Second he says, if there is a descent in other Yogas it is only an incident on the way or resulting from the ascent – the ascent is the real thing. We have already spoken about ascent, human consciousness, ascending out of this zone of sorrow – anityam asukham lokam – into that zone of light and bliss. Second, because the object sought after is not an individual achievement of Divine realisation, it makes it even more complex and fascinating. Whatever our attitudes and approaches we take towards solving life problems becomes like a stamp and seal upon earth which has its repercussions. We have schools, how do we run the schools, the routine way or a different way, we have business corners, how do we run these business corners, the routine way or the new way, with a new consciousness, a new attitude? So its not an individual Yoga meant only for ourselves but for the sake of a change of earth nature.

And third, the essence of this Yoga is that it is not only when we close our eyes that we do Yoga, it is also when we open our eyes that we do Yoga; it is not only when I’m focused on the Divine essence that I’m doing Yoga, it is also when I’m into the difficult situations and the happy moments of life that I have to remember what should be my attitude, what should be my approach, how would the Divine presence respond to the situation. All these things, through the smallest activity. The Mother puts it very beautifully. She says, for Integral Yoga it is not enough that you sit for meditation for five minutes. When Sri Aurobindo says ‘all life is Yoga’, it does not mean accepting life as it is, to do things as we have been accustomed to doing them and pass it off as the needed. Ordinary people use ordinary defences, spiritual people use spiritual defences. Mother is doing everything, so I need not do anything, this is another kind of complacency.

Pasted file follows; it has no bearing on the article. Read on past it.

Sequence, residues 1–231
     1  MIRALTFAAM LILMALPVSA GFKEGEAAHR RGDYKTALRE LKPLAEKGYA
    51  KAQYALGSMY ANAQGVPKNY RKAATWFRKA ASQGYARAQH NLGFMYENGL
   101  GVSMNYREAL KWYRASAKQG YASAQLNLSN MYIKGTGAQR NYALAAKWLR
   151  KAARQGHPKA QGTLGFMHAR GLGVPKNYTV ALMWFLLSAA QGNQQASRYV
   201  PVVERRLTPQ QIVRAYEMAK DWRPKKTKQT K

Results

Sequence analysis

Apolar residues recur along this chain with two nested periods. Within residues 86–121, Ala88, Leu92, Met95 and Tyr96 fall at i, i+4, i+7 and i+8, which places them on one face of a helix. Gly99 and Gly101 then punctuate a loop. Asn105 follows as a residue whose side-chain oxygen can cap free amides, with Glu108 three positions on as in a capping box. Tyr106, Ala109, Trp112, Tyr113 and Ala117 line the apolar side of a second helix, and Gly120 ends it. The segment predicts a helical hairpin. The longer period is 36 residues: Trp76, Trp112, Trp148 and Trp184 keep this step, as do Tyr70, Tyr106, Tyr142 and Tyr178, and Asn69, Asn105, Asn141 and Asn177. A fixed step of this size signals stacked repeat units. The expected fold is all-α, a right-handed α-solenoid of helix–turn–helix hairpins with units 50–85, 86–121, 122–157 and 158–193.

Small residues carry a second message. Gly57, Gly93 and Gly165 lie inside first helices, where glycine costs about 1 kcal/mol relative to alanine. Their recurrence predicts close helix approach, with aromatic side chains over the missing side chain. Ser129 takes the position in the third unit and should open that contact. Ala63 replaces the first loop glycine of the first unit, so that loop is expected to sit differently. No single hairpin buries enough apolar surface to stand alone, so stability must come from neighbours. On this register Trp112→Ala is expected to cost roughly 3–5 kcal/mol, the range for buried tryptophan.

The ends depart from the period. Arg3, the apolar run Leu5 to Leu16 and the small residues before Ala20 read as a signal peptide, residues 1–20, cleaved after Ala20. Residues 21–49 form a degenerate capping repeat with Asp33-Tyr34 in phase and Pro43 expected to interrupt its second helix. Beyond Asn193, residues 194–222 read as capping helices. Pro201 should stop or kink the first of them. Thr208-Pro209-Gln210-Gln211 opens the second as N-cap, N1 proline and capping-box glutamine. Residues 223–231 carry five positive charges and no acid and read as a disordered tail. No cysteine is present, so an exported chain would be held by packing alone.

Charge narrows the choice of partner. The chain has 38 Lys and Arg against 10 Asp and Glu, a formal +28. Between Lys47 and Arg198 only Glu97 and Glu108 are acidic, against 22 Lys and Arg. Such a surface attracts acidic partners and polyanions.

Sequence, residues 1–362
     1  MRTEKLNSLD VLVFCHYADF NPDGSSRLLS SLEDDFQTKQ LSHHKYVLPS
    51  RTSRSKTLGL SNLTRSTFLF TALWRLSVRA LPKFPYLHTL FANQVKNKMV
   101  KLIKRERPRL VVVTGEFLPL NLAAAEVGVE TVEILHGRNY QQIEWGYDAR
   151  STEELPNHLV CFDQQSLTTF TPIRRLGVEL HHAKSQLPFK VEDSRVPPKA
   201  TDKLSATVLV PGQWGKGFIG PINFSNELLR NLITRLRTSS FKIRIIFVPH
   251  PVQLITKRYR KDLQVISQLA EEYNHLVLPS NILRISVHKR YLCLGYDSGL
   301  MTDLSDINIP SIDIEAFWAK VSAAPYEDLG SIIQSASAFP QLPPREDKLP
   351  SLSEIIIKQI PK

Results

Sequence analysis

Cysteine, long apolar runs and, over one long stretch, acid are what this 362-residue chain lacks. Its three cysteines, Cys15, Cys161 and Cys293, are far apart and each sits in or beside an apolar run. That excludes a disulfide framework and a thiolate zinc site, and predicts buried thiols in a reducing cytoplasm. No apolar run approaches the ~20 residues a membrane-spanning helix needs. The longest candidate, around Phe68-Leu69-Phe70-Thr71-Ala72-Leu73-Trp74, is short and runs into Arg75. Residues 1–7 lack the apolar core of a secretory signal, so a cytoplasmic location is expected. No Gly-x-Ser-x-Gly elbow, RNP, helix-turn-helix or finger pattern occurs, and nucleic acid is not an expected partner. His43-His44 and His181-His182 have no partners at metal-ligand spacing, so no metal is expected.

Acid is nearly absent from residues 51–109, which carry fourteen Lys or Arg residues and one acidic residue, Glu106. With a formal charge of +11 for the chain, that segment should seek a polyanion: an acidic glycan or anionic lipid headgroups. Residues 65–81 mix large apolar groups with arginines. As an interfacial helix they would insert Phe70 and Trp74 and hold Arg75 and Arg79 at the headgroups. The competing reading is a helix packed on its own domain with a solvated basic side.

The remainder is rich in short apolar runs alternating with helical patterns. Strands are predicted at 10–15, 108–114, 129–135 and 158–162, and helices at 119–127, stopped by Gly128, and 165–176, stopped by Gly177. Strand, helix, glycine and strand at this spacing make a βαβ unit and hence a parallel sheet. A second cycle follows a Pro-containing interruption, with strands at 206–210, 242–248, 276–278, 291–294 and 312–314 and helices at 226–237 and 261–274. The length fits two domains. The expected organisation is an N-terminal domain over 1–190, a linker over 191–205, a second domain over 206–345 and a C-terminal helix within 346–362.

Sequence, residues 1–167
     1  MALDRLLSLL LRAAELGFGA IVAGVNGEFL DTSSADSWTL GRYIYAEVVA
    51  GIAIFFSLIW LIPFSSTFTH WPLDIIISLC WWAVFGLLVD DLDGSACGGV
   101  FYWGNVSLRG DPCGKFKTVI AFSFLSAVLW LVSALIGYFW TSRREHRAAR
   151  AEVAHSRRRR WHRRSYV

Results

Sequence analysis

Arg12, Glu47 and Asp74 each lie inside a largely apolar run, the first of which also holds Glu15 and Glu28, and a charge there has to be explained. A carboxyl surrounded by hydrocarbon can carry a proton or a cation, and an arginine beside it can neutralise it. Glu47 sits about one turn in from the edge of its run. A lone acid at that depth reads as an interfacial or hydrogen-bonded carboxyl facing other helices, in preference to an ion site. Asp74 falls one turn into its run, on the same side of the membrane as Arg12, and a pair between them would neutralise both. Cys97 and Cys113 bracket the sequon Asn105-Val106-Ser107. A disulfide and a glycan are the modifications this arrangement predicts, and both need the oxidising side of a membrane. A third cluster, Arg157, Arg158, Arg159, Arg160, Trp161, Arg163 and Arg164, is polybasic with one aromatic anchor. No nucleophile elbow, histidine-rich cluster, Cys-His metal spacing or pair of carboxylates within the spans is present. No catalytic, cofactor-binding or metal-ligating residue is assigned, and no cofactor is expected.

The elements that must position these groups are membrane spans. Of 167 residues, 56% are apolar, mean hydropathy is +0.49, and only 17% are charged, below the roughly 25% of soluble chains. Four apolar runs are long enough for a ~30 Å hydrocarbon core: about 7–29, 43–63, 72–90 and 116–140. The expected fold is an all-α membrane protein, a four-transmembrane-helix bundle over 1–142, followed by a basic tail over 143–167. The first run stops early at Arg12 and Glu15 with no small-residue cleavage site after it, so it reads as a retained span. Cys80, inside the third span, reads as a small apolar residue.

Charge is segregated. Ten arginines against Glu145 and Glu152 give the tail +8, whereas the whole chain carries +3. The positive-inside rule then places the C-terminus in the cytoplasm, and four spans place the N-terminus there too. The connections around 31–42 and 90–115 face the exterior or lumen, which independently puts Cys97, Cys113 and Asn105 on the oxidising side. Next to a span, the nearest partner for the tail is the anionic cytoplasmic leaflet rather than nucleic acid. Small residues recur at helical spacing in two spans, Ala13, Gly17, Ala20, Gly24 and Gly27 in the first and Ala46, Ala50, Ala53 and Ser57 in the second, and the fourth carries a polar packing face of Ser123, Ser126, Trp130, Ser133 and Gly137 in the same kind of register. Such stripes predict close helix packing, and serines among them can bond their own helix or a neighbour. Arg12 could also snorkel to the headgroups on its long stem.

Sri Aurobindo says it’s all yoga. We must be very careful about this. He has said all life is yoga either in a subconscious way or in a conscious way. Subconsciously everything is striving ultimately towards that, every creature on earth, every element is seeking for unity, for happiness, power or whatever you may say. Every element of universe is instinct with intelligence, it is instinct with enormous power, so in that sense it is subconscious Yoga but in another sense in human beings it must become a conscious Yoga. That means to lead life consciously. To begin with that’s a minimum preparation. Mother says, first you must answer this one question, what do you want the Yoga for, to gain power, to become a Yogi, or to help humanity – none of these motives are sufficient for Yoga, so what is required? Do you want the Divine for the sake of the Divine?

When one begins to walk on this path, it is alright to do some charity but we should not confuse charity and philanthropy with Yoga. The change in humanity, in earth is a consequence of Yoga. But always inwardly one should know that it is being done for the sake of the Divine. So Mother says, the first question is, has the Divine become the raison d’être of your life? On this path, throughout life, one has to live with that consciousness, that it is for the sake of the Divine, to manifest the Divine, to find the Divine, to express the Divine, through whatever activity we may be doing.